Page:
The perception of many consumers is that most loyalty programs ask lots, but give little. This is fuelled by media reports of having to spend big just to get a bus trip to Shepparton. It’s a pity but in many instances commentators don’t understand the dynamics of programs that, if well structured, motivate customers to consolidate spend with certain brands.

However, if customers think they are getting short changed – in real terms or perceptually – all that great work in setting up a program will fast evaporate.

There are lots of elements to making your loyalty program work but one of the biggest challenges facing businesses is to determine its ‘currency’. Points that are able to be redeemed for merchandise or flights, percentage discounts, straight cash back, preferential access to special offers or VIP treatment – these are all valid and valuable options in providing value to customers.

But that’s not where you should start in dealing with this vexed issue. It really all depends on what you are trying to achieve.

Are you mainly focused on driving sales today or do you want to significantly improve the relationship you have with your best customers to build advocates? Identifying your primary objective is key – you can then build from there.

1. Sales today – if you are predominantly after increasing frequency of visits or average sales, this is best dealt with by providing achievable rewards as close to the point of purchase as possible. Cash back and percentage discounts (either instantly or by gift card redemption) are particularly effective in driving increased sales because customers can see the value in a transparent and immediate fashion. Priceline, one of Australia’s five largest programs by member number, does this really well with clear achievable hurdles and tiered discount rates.

But beware – cash rewards customers are loyal largely to the discount drug. They will move to a brand that offers that little bit more if nothing else motivates them to stay loyal.

2. Share of wallet – a points based program is, in theory, better structured to grow longer term share of wallet gain if the value equation – i.e. the earn to redeem ratio – is competitive and proportionately richer as spend and membership years grow. Make the time frame too long, the hurdles too high or the point’s life too short and then potential damage to the brand will be significant and long-lasting as the customer will feel cheated over a longer period of time. At best you will have just added a cost burden on the business with little benefit to the top line.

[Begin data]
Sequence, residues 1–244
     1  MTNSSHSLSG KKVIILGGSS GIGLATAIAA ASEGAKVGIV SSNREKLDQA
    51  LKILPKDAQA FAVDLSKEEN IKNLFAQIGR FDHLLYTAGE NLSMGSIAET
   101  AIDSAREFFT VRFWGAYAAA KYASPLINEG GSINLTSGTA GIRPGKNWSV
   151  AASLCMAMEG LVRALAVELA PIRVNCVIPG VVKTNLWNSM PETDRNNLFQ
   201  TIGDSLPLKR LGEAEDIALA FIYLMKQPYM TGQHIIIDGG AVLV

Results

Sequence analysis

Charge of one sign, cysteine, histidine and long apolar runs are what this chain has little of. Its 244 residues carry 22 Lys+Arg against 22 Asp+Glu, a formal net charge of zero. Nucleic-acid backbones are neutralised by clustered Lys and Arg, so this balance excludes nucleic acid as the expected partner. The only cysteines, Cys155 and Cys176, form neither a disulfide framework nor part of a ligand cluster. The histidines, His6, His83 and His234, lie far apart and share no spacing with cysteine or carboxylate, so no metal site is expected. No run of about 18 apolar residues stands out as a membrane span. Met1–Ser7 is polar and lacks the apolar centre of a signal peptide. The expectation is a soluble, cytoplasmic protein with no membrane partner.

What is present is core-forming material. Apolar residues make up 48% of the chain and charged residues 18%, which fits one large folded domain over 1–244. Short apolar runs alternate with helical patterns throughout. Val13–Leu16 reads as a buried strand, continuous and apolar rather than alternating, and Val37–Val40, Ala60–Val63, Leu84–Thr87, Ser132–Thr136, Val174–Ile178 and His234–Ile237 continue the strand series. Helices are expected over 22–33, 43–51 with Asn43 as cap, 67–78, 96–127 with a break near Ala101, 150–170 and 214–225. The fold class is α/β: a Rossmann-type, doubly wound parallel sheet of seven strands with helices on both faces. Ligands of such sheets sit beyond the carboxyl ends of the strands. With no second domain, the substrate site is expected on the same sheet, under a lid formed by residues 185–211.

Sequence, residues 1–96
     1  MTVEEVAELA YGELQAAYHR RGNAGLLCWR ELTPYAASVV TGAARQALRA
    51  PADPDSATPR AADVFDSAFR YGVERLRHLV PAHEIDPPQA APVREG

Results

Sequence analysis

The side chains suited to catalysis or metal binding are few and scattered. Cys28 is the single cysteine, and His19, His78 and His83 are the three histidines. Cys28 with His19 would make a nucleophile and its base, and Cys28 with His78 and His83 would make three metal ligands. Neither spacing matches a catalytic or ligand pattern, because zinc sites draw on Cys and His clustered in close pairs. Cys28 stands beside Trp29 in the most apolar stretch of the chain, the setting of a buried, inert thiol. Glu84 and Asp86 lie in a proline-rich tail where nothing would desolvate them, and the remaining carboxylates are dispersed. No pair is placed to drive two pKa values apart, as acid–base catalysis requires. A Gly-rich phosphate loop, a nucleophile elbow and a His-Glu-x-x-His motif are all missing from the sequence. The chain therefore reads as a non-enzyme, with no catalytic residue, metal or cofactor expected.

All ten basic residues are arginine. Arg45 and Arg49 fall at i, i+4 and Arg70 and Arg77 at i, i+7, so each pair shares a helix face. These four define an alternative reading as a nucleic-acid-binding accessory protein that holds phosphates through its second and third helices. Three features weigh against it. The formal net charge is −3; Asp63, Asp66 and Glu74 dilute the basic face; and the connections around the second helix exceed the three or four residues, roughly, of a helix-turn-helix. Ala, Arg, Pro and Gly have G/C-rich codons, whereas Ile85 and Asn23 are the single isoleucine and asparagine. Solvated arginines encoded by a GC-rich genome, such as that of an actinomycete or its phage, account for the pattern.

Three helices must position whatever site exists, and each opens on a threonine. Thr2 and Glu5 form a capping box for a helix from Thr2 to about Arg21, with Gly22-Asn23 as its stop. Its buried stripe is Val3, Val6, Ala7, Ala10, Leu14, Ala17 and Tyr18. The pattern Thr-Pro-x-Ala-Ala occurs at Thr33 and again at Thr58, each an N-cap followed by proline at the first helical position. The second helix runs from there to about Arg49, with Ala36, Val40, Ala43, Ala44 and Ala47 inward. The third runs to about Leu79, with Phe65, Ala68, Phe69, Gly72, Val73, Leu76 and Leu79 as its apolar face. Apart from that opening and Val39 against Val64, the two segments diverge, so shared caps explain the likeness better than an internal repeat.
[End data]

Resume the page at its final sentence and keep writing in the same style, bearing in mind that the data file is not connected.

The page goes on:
3. Lasting Loyalty – building longer term loyalty is, of course, much more than dollars back to the wallet or points in the bank. The key is building components into your loyalty strategy or program that reward – either directly or experientially – in an engaging and enriched fashion.

For example, the IKEA FAMILY reward program goes beyond year round points or discounts by offering a suite of benefits that, yes, includes offers for reduced pricing on certain products, but taps into the home family vibe of the IKEA brand by giving members a free cuppa in the restaurant. A simple and low cost feature that is, nevertheless, an engaging reason to spend time in store. Country Road for instance provides personalised shopping experiences for their top tier – one-on-one assisted shopping. What a great way to engage with your most valuable customers (and no doubt sell a lot more than if they shopped alone!)?

So what is in it for your brand? For instance if you were a food brand why wouldn’t you not only encourage but reward customers for developing and sharing recipe ideas? If you were a baby food product why wouldn’t you link new parents together so they can share tips and tricks – and importantly reward them for doing that? Wouldn’t your greatest blogger expert be not only recognised and congratulated but also rewarded with exclusive opportunities? The use of social media platforms opens this option up significantly.

Importantly building loyalty through emotional engagement will reduce the impact of any small differences in the earn-redeem value equation. It will be a richer, deeper relationship that should – if managed right – lead to truly loyal customers who become your advocates.

Now isn’t that better than a set of steak knives?